Where this figures into my novel series is that the goal of my series is to redefine the way a media-based story is portrayed. Rather than take on the concept of a news anchor moonlighting in another job, a reporter turned superhero, or a radio host who is a psychiatrist or attorney by trade, The Scope series takes the newspaper itself and molds the characters to the organization, rather than mold the story to the character. While Jay Ferragamo, Anshana Davis, Layna Dearforth, Craig Johannson, Cassie Owinger, and the rest of the staff are central to the story, with The Scope newspaper itself is the true continuing character which experiences the story, with the staff expressing the will of the newspaper. Yet it is their lives which are affected by The Scope, and whose decisions actually allows for the newspaper’s evolution as a character.
The Scope series will redefine fiction set in the world of media by showing readers what life as a member of college media really is like – how some wash out and why, and the reason others excel and choose it as a passion. The mission of this series is not just to show the how of college media life, but why some journalists of today may have turned out as they have. Like Babylon 5, the characters each have their strengths and weaknesses. Jay’s reliance on his instinct and intuition is juxtaposed to his extreme insecurity and loneliness. Craig’s wisdom and experience is countered by his fiery disposition and near-plodding decision-making process. Anshana’s conservative politics are belied by her fear of being judged by not just fellow African-American students, but her family as well. Cassie Owinger and Layna Dearforth’s common strength, a gritty determination to tell the whole story, is often offset by the impulsive nature of their personalities, though Cassie is a bit more measured than Layna. While Andy Halston’s own laid-back attitude is offset by his somewhat indifferent attitude to important issues, it is his cohort, Kenny Strasburg, who experiences the truly relatable pain of the series, fighting a nascent battle with alcoholism while demonstrating a true desire to change his ways and attitude as the series progresses.
Even the antagonists are relatable. Dr. Earl Falconer, the President of South Central College, is a classic academic-turned-politician who is in over his head, and is frequently shown speaking out of both sides of his mouth. His successor, Dr. William J. Harting, will be revealed to be far, far worse, as well as egomaniacal. Danny Winters, President of Student Government, is a well-connected fraternity brother whose spine is weaker than the will he outwardly displays. His successor, Natasha Davidson, is a prototypical “old money” daughter in attitude and appearance, but whose family now must rely on their name for success rather than any real fortune, as the latter was destroyed in a long-running local legal dispute.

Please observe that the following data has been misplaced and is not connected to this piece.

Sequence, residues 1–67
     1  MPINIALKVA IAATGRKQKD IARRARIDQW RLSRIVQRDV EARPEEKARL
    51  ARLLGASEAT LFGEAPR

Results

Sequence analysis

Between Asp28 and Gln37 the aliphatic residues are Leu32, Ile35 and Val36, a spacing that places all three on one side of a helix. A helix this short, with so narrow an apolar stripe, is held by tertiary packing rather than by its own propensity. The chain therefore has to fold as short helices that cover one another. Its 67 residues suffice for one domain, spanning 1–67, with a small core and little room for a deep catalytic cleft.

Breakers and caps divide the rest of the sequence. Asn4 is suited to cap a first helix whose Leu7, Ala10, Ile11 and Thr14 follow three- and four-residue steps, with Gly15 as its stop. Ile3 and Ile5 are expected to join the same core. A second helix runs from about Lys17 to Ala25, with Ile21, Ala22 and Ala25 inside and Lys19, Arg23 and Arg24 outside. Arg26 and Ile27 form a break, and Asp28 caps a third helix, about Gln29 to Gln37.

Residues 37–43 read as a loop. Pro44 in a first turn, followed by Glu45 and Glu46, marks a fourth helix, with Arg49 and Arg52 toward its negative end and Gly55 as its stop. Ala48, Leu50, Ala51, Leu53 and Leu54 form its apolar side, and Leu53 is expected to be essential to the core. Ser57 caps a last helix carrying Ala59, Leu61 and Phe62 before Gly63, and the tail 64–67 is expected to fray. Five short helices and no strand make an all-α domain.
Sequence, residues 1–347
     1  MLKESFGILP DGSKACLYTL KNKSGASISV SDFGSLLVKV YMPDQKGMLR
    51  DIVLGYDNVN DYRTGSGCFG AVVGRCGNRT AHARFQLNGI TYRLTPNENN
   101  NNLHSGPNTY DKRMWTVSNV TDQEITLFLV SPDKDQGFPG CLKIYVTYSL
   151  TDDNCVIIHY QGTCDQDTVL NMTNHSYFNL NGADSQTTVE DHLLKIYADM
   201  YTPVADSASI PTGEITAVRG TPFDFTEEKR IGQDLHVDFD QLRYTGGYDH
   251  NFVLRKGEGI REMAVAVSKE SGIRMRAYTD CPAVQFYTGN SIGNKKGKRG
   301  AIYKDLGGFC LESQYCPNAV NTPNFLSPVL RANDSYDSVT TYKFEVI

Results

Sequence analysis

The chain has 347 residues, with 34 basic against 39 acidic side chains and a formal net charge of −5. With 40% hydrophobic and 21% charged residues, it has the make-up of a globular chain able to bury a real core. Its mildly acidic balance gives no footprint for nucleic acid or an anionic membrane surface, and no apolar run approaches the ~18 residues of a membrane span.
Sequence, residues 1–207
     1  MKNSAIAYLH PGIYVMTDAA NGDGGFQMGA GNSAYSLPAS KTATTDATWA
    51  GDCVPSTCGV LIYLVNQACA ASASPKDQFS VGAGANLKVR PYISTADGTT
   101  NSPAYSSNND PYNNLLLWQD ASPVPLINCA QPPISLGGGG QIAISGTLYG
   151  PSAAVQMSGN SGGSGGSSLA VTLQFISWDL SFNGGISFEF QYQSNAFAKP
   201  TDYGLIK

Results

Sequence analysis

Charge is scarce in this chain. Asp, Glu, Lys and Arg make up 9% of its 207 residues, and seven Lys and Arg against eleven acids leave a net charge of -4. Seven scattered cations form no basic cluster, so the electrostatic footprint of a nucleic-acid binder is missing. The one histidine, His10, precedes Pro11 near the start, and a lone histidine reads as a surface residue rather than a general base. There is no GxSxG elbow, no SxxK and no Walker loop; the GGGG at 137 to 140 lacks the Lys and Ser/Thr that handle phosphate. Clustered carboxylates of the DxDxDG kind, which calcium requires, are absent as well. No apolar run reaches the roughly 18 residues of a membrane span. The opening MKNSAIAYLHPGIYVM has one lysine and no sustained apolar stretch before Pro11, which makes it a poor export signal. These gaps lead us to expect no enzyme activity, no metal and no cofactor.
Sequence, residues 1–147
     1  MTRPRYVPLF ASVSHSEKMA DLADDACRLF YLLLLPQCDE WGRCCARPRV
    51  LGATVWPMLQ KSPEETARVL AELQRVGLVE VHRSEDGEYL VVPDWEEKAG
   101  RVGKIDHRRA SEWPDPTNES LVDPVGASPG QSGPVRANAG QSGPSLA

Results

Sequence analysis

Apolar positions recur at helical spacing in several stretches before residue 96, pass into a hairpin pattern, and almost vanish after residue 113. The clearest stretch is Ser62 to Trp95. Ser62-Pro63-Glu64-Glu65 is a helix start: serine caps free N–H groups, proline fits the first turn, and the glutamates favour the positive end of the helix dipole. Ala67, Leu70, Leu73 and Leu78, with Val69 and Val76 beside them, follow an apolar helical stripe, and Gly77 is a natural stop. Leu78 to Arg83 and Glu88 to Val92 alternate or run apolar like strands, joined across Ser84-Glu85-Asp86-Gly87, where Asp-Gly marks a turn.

The Scope series will explore all sorts of issues, ranging from race relations to small-town politics, to the individual issues of lost love, depression, substance abuse, and bigotry. This series will be real as college can get, show the world was American university in the 1990s south was really like, and how, as the titles suggest, changes always rises, history always awaits, madness must be reflected upon, we must bid farewell to our memories at times and, in the end, it’s all about our countdown to our own personal eternity.
Like Babylon 5 was to science fiction, The Scope series is high literary risk, but the hope is that reading it will bring the reward of enlightenment and better understanding thanks to compelling stories with characters who personal twists and turns keep you turning the page.

REBEL WING with Tracy Banghart

 High above the olive groves and blinding white roofs of the village, Aris danced. She twisted and
dove, guiding her wingjet straight out over granite cliffs and the glitter of the ocean. As she did,
she imagined its wings were her arms, reaching far out into the blue. Her fingers would knife
through a wisp of cloud, and the moisture would linger against her skin, like a kiss.
Her father wouldn’t approve of such thoughts. To him, flying was a practical pursuit, for
dusting crops or traveling from place to place. Their village was built high on carbonate stilts, so
wingjets were the easiest form of transportation unless you were working the land or hiking
down the steep paths leading to the narrow beach below the cliffs. Most everyone here could fly.
But no one flew like Aris did.
At least Calix understood what flying meant to her.
She pressed the pedals under her feet and twisted the hand controls, diving in a last tight
pirouette before nosing the tiny two-seat wingjet toward home.
A flicker of light caught at the edge of her vision. She glanced out to sea and steered the
wingjet in the direction of the movement.
Suddenly, the flash became a speeding wingjet. It hurtled toward her, its silver sides
reflecting the sun. Aris hovered just off shore, the beach a golden crescent beneath her, waiting
for the wingjet to change course or slow to land. Instead, it grew larger, advancing quickly.